• Abu Mohammed Al-Masri, another member of the Al-Qaeda leaders, one of the most „effective“ members in planning operations, was former head of training for the organization’s personnel, is also believed to be in Iran.
  • Suleiman Abu Ghaith, the official spokesman of the organization before his arrest and detention in the US.
  • Abu Al-Laith Al-Libi, also known as Ali Ammar Ashour Al-Rifai, worked as a paramilitary commander before he was killed by an American drone strike, was active in eastern Afghanistan and the border area between Pakistan and Afghanistan, exercised autonomy there with great powers, and enjoyed long-term relations with senior leaders of the organization.
  • Abdulaziz Al-Masri, also known as Ali Sayed Mohammed Mustafa Al-Bakri, is an active high-ranking member of Al-Qaeda, a senior explosives and poisons expert, well versed in nuclear research since the late 1990s, and has a close relationship with Saif Al-Adl and Khalid Sheikh Mohammed.
  • Abu Dujana Al-Masri, who worked as a bombing instructor before his arrest, member of the Egyptian Islamic Jihad Movement and the son-in-law of late Al-Qaeda leader Ayman Al-Zawahiri.
  • Mohammed Ahmed Shawki Al-Islambouli, who facilitated the missions and operations of Al-Qaeda, a prominent member of Egyptian Islamist groups, was on good terms with Iranian intelligence earlier, and is the brother of the murderer of former Egyptian President Sadat, Khaled Al-Islambouli.
  • Tharwat Shehata, a former deputy of Zawahiri and an expert in operational planning, had a close relationship with Al-Qaeda leaders and Al-Zarqawi before leaving for Iran later.
  • Ali Mujahid, delivered explosives, trained recruits on IT, facilitated the movement of high-level militants from Iran to Iraq, reportedly suspected of carrying out the attack on the New York subway in December 2005.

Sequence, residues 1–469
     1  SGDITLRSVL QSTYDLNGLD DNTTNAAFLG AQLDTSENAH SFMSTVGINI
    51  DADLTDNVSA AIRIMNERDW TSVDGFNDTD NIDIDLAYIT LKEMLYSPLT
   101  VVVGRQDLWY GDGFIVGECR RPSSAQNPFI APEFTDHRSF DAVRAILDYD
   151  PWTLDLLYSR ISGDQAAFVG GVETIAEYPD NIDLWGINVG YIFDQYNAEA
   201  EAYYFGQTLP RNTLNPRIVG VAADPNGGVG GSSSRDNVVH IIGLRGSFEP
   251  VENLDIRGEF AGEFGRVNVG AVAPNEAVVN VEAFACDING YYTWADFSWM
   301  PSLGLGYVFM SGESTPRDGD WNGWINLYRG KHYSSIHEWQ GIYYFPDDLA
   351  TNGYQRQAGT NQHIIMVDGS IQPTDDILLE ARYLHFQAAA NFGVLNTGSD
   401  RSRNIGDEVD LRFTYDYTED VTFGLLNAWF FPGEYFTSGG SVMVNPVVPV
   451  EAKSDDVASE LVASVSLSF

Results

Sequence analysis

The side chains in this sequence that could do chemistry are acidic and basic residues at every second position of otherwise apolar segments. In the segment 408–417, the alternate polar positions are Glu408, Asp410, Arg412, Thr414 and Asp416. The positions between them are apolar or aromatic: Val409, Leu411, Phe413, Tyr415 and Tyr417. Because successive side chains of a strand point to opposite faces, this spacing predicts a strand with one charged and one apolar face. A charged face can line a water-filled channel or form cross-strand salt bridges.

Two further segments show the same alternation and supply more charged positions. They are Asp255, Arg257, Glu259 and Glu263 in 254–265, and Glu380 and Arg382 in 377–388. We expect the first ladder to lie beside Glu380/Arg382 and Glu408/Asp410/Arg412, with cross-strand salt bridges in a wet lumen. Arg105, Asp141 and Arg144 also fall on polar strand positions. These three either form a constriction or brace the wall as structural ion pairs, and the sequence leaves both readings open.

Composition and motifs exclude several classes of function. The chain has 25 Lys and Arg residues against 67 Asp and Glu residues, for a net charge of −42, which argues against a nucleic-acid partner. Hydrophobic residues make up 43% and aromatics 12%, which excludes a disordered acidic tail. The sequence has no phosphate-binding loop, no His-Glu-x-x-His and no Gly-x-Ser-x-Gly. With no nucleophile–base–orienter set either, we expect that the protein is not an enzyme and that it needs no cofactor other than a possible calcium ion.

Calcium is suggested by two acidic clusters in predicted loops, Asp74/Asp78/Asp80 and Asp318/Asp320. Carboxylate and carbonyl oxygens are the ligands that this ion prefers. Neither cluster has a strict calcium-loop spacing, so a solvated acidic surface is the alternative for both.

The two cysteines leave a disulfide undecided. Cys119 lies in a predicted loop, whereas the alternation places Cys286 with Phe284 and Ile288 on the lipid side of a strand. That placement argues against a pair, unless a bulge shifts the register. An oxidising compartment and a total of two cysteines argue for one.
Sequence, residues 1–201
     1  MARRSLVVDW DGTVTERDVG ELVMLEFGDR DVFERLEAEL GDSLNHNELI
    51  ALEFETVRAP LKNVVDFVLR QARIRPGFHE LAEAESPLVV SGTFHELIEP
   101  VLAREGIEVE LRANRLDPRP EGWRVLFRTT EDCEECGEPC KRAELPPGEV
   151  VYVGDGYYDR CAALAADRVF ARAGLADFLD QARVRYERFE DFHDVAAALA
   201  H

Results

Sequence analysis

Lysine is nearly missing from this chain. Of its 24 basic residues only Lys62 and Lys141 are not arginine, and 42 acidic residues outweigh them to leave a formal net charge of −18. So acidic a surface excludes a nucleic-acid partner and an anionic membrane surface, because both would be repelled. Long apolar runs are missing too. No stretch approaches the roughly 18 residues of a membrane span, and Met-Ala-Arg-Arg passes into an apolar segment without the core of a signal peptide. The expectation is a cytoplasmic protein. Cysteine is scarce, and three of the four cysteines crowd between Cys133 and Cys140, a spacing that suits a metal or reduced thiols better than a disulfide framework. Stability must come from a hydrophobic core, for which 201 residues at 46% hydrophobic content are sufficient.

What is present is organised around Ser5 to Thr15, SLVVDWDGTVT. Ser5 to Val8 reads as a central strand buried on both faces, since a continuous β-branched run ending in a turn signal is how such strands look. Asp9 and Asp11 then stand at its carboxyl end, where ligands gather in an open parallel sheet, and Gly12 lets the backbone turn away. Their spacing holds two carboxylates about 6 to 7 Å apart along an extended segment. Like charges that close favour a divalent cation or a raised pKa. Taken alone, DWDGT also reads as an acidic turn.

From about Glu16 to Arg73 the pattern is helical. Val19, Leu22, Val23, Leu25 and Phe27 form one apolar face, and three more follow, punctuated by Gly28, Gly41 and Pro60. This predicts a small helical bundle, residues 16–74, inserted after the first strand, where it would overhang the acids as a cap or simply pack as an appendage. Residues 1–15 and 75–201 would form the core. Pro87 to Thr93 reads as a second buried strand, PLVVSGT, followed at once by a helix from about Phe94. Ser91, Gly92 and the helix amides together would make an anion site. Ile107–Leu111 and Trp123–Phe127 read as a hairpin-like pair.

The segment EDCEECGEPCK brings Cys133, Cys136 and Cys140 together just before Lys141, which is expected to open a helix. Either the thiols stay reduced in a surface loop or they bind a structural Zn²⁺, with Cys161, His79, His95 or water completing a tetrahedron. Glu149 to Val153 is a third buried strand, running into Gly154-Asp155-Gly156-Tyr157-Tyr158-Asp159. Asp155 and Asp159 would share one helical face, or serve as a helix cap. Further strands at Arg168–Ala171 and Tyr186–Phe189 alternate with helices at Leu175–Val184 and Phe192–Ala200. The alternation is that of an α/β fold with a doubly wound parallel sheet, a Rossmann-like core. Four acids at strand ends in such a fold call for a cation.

• Abu Anas Al-Libi, suspected of links to the 1998 East African bombings, a prominent member of Al-Qaeda and the Libyan Fighter Brigades before he was arrested and detained to the US.
  • Abu Al-Dahak, also known as Ali Saleh Hussein Al-Tabuki, worked as a representative of Chechen fighters in Afghanistan.
  • Khaled Al-Sudani, member of Al-Qaeda’s Shura Council, and presumably located in Jordan, Pakistan or Iran.
  • Qasim Al-Suri, also known as Izz Al-Din Al-Qassam Al-Suri, linking Al-Qaeda leaders in Waziristan, Pakistan and Iraq, planned and coordinated terrorist operations in Europe with many Al-Qaeda affiliated cells.
  • Jafar Al-Uzbek, worked as a representative of the high command of Al-Qaeda to negotiate the release of Al-Qaeda members held in Iran.
  • Two notable names are added to this list, the first is Mohsen Al-Fadhli, the founder of the Khorasan terrorist organization, killed in an airstrike last year, and Majed Al-Majed, the Emir of the Abdullah Azzam terrorist brigades, trained in Iran and excelled in recruiting Saudis for terrorist groups.
  • Bin Laden family members lived in Iran, e.g. his son Saad and his family, his brothers and sisters, his sons Mohammed, Hamza, Ladin, their sisters and an aunt.

The French newspaper “Le Monde” published a report, in which it was reported that the CIA published reports talking about the relationship that Iran has with Al-Qaeda, which triggered a wave of concern. The Americans discovered this secret relationship and kept it from the public since May 2, 2011, specifically during the announcement of the death of Osama bin Laden in Pakistan.

The newspaper said in its report that the CIA revealed the relationship between Shiite Iran and Sunni Al-Qaeda, in the face of the common enemy of the “Americans” in the Middle East. These documents can be accessed through CIA’s website.